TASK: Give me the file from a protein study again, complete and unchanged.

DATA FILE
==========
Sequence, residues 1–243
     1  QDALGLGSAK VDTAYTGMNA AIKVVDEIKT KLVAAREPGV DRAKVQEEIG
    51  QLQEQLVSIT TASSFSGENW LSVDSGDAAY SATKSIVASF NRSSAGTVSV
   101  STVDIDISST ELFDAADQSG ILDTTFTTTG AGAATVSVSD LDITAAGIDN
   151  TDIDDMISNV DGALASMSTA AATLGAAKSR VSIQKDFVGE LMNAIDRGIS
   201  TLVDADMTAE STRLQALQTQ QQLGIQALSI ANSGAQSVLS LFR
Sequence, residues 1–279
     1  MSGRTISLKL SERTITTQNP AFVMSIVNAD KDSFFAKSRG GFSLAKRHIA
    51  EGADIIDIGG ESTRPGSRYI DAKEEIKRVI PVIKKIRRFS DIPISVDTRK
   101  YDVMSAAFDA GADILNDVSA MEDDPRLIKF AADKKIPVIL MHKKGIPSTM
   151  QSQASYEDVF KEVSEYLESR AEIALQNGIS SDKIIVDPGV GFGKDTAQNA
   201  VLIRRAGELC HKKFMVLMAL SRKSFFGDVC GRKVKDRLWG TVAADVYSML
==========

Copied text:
Sequence, residues 1–243
     1  QDALGLGSAK VDTAYTGMNA AIKVVDEIKT KLVAAREPGV DRAKVQEEIG
    51  QLQEQLVSIT TASSFSGENW LSVDSGDAAY SATKSIVASF NRSSAGTVSV
   101  STVDIDISST ELFDAADQSG ILDTTFTTTG AGAATVSVSD LDITAAGIDN
   151  TDIDDMISNV DGALASMSTA AATLGAAKSR VSIQKDFVGE LMNAIDRGIS
   201  TLVDADMTAE STRLQALQTQ QQLGIQALSI ANSGAQSVLS LFR
Sequence, residues 1–279
     1  MSGRTISLKL SERTITTQNP AFVMSIVNAD KDSFFAKSRG GFSLAKRHIA
    51  EGADIIDIGG ESTRPGSRYI DAKEEIKRVI PVIKKIRRFS DIPISVDTRK
   101  YDVMSAAFDA GADILNDVSA MEDDPRLIKF AADKKIPVIL MHKKGIPSTM
   151  QSQASYEDVF KEVSEYLESR AEIALQNGIS SDKIIVDPGV GFGKDTAQNA
   201  VLIRRAGELC HKKFMVLMAL SRKSFFGDVC GRKVKDRLWG TVAADVYSML